In Asia, by contrast, the boom will continue for another generation. Yet all the debate from politicians about the economy has been in a purely British context. We will tax our banks; we will bring in some incentives for small businesses; we want a smaller financial sector, and so on.

In any case – and this is the second reason for the unreality – the levers that governments can pull don't work any more, or at least not very well. Take fiscal policy. Had anyone said five years ago that the public-sector deficit would be 12 per cent of gross domestic product, they would not only have been thought to be off their rocker but it would be assumed that a deficit on that scale would give a huge boost to the economy. Well, we have it and not much is happening. Take monetary policy. If anyone had predicted that interest rates would be 0.5 per cent, that too would have been thought absurd. But it would also have been assumed that cheap money would have led to a boom in house prices, whereas they seem to be falling again.

If the big macro-economic levers don't work, what about the smaller, more precise levers governments pull? The last Government tried to be more effective by using targets for public-sector performance. But these have been disappointing at best and, at worst, have distorted behaviour, pushed up administrative costs and decreased productivity. In any case, the experiment of increasing public spending by a huge amount is over. There is nothing in the kitty.

Legislation and regulation? Well, there has certainly been plenty of both, for the boom in new laws predates the Labour governments. But again the effectiveness has been questionable. You can push a Bill through Parliament but you may simply create more court cases, or worse, a distrust of both the law and the political process. You can bring in new legislation on migration but the administrative ability to enforce it is lacking, or "not fit for purpose". You can bring in new regulations but that increases the compliance costs and again may distort the outcomes. Besides, you may get regulation wrong. It is an obvious point, but the new system of financial regulation established in 1997 has not been a triumph.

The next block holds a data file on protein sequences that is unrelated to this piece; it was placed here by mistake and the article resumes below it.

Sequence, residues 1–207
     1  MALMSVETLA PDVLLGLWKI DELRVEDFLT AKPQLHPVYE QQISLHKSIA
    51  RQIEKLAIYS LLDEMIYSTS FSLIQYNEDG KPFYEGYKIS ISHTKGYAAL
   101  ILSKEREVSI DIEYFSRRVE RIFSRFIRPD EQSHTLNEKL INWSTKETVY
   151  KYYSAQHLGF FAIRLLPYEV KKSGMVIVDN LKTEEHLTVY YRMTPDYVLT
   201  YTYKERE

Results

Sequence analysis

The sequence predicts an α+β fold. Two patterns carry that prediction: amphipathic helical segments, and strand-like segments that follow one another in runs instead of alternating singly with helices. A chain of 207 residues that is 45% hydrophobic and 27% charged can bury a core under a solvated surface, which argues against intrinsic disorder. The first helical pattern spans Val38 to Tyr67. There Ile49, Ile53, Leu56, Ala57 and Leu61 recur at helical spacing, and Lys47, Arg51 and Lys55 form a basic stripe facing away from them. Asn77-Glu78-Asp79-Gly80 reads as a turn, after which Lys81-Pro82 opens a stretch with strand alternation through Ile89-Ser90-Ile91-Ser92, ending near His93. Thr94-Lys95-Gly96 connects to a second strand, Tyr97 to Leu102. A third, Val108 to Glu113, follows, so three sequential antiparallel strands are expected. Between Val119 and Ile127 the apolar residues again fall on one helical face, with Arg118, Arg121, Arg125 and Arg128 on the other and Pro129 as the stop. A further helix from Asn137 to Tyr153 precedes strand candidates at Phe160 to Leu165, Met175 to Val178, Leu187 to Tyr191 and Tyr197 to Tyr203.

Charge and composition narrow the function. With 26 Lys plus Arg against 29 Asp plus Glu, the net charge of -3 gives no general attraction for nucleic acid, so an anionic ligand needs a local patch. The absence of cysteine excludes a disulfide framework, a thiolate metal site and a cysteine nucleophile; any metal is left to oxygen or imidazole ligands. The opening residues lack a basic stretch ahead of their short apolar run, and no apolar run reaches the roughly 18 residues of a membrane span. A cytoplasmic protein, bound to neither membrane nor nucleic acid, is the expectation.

The reality is that our next government, like any government in any Western democracy, will be much weaker than politicians now pretend. It will be weaker because Britain is becoming less important and it will be weaker because the levers at its disposal are less effective. But politicians can hardly bear to say that. There was a little hint from William Hague on the Today programme yesterday, but in general from all major parties the message is still: "vote for us and we will do this or that for you".

To say all this is not to be pessimistic about the future of the UK. We have, as a people, an extremely interesting hand of cards to play in this ever more global world economy: commercial, cultural and indeed financial. But it is a hand that has to be played sensitively, cautiously and modestly and it is not, I am afraid, as strong a hand as it appeared 10 years ago – or indeed as is implied by the politicians. Instinctively we all know this. Don't we?